(g)the education, training and examinations or other tests to be undergone by persons who have been admitted as solicitors;

(h)the charging and application by the Society of fees to be paid by persons undergoing education and training for the purposes of the regulations;

(i)such transitional and incidental matters as the society think necessary.

(2) Regulations under paragraph (1) may make the opinion, consent or approval of the Lord Chief Justice, or of any examining or other body or authority named in the regulations, or of the Society or the Council or any committee of the Council material for the purposes of any provision of the regulations.

(3) Subject to regulations made under paragraph (1)(f), on an application by a person seeking to be admitted as a solicitor, the Society may—

(a)waive the application of any provision of regulations under paragraph (1) to that person; or

(b)review any decision taken by the Society with respect to that person under those regulations.

(4) An applicant aggrieved by a decision of the Society under paragraph (3) may, after giving notice to the Society, appeal to the Lord Chief Justice; and on such appeal—

(a)the Society may appear and be heard; and

(b)the Lord Chief Justice may make such order (including an order for the payment of costs) as he thinks proper.]

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RegistrarN.I.

7.  The Society shall appoint a person to act as registrar of solicitors and section 18(2) of the Interpretation Act (Northern Ireland) 1954 [1954 c.33] shall apply to such appointment.

[F4Keeping and custody of the rollN.I.

8.(1) The registrar shall continue to keep the roll in the form of an alphabetical list of all solicitors.

(2) The Society shall have the custody of the roll and of all documents relating thereto.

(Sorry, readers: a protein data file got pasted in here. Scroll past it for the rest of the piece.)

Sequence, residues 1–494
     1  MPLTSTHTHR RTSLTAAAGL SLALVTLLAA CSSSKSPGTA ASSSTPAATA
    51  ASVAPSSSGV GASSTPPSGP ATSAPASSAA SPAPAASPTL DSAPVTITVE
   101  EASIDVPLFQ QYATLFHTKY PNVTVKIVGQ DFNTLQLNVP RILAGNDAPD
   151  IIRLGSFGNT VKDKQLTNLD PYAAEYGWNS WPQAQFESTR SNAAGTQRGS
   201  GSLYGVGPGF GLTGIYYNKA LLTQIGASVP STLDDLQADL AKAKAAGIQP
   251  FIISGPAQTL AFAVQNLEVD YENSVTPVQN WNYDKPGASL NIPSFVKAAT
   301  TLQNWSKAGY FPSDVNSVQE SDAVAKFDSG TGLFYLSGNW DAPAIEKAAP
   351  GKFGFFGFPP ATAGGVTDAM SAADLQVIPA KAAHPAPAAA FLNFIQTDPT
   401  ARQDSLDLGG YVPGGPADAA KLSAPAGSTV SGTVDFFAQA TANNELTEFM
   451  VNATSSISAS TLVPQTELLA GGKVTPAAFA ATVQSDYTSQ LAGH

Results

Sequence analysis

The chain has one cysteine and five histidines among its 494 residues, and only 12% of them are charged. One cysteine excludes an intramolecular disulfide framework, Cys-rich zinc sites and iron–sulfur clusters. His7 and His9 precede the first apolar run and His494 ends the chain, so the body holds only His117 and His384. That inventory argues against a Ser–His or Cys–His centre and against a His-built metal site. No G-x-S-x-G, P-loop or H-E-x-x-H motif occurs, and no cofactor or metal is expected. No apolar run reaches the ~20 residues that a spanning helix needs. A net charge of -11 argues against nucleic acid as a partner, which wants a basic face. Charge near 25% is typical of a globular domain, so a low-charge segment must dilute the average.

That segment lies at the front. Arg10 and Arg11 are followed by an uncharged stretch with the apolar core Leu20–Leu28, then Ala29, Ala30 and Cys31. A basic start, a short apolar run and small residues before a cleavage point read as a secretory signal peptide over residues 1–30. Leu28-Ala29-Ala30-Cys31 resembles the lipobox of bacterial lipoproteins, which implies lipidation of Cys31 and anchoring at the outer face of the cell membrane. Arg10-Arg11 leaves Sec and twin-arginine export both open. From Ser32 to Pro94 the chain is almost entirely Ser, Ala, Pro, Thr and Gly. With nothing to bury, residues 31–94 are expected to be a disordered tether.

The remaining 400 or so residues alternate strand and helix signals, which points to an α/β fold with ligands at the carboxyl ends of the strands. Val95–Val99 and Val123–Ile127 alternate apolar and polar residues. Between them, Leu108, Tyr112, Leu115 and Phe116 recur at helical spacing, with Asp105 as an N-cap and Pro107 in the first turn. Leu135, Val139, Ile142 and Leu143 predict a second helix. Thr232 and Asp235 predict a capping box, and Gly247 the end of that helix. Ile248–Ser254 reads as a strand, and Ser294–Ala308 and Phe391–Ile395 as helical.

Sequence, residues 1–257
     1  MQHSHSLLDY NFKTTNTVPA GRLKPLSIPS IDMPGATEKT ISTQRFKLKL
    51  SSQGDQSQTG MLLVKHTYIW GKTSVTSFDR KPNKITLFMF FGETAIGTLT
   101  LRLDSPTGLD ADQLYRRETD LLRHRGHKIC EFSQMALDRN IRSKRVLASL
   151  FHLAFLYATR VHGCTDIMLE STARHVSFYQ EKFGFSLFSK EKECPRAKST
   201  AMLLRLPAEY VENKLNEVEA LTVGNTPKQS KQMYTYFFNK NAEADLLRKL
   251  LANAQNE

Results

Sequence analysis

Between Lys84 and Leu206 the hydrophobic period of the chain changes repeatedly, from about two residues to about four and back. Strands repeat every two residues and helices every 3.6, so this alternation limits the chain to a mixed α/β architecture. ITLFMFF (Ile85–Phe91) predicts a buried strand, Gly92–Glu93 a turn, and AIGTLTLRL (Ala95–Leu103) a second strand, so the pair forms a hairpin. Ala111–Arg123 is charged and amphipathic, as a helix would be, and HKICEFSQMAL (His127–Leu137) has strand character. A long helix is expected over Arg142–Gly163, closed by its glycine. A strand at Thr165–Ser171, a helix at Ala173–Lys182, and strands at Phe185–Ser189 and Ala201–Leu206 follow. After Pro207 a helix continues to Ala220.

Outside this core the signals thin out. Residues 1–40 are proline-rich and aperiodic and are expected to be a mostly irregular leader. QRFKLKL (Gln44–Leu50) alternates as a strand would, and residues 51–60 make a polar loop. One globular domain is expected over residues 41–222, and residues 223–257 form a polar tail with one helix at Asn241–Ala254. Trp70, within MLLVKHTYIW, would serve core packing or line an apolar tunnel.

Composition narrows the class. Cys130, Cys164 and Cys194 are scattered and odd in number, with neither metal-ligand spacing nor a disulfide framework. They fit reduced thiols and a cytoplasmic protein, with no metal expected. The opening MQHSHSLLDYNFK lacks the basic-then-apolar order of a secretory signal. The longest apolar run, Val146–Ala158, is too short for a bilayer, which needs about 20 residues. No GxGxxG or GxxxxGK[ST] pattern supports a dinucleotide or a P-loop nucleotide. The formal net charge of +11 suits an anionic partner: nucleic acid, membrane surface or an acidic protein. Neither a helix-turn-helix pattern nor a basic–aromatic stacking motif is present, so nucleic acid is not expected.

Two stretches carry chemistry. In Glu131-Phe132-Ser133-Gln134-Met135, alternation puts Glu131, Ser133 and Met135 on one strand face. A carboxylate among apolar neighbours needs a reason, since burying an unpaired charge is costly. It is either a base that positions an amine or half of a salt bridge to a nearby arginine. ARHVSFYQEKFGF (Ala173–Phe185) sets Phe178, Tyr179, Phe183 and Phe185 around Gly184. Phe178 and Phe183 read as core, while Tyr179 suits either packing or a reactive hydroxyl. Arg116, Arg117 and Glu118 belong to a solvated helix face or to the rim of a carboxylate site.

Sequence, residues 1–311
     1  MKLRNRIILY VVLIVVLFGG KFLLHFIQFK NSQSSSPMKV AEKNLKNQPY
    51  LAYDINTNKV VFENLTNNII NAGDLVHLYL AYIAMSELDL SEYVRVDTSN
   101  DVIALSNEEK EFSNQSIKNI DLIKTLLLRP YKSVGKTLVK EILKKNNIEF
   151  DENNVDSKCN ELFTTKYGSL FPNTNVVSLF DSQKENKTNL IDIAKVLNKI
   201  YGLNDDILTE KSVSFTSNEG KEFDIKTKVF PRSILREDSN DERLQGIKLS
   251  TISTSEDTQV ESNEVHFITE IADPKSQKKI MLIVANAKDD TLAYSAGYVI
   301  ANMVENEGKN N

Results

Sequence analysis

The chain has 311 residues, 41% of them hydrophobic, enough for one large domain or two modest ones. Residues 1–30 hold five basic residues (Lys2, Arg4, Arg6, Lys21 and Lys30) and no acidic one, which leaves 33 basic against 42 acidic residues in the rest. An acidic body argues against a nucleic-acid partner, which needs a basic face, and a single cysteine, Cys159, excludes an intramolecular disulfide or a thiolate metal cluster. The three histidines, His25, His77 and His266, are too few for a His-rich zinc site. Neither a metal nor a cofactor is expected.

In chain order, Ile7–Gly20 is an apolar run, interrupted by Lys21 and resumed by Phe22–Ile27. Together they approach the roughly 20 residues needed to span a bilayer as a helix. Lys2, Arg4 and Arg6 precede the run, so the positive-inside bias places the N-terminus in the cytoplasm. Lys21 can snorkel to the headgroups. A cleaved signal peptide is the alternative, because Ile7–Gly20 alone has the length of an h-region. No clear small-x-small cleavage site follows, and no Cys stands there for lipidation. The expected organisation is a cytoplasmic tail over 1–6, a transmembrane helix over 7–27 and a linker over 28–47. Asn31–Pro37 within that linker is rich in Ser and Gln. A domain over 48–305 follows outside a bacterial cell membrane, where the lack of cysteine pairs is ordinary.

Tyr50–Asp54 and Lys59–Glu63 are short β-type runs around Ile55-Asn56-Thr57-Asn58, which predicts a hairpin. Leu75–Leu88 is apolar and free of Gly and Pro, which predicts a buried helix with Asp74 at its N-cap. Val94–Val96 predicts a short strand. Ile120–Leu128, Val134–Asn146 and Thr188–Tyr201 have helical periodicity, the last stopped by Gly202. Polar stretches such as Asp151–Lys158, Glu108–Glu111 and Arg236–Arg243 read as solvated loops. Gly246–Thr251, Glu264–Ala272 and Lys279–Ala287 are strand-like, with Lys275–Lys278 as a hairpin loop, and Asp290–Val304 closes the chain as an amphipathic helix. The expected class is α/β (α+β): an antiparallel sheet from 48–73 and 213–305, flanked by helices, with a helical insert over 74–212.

(3) The roll shall be kept in accordance with the provisions of this Order and of regulations and may be kept by means of a computer.

(4) If the roll is kept by means of a computer, the Society shall make any entry available for inspection in legible form during office hours, without payment, by any person who applies to inspect it.

(5) If the roll is not kept by means of a computer, any person may inspect it during office hours without payment.

(6) The Society, on the application of a solicitor, may cause his name to be removed from the roll.

(7) Regulations under paragraph (3) may—

(a)provide for the Society, at such intervals as may be specified in the regulations, to enquire of solicitors of any class so specified whether they wish to have their names retained on the roll;

(b)require solicitors of any such class, at such intervals as aforesaid, to pay to the Society a fee in respect of the retention of their names on the roll of such amount as may be prescribed;

(c)authorise the Society to remove from the roll the name of any solicitor who—

(i)fails to reply to any enquiry made in pursuance of sub‐paragraph (a) or to pay any fee payable by virtue of sub‐paragraph (b); or

(ii)replies to any such enquiry by indicating that he does not wish to have his name retained on the roll; and

(d)authorise the Society to remove from the roll the name of any solicitor who has died.

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Annotations are used to give authority for changes and other effects on the legislation you are viewing and to convey editorial information. They appear at the foot of the relevant provision or under the associated heading. Annotations are categorised by annotation type, such as F-notes for textual amendments and I-notes for commencement information (a full list can be found in the Editorial Practice Guide). Each annotation is identified by a sequential reference number. For F-notes, M-notes and X-notes, the number also appears in bold superscript at the relevant location in the text. All annotations contain links to the affecting legislation.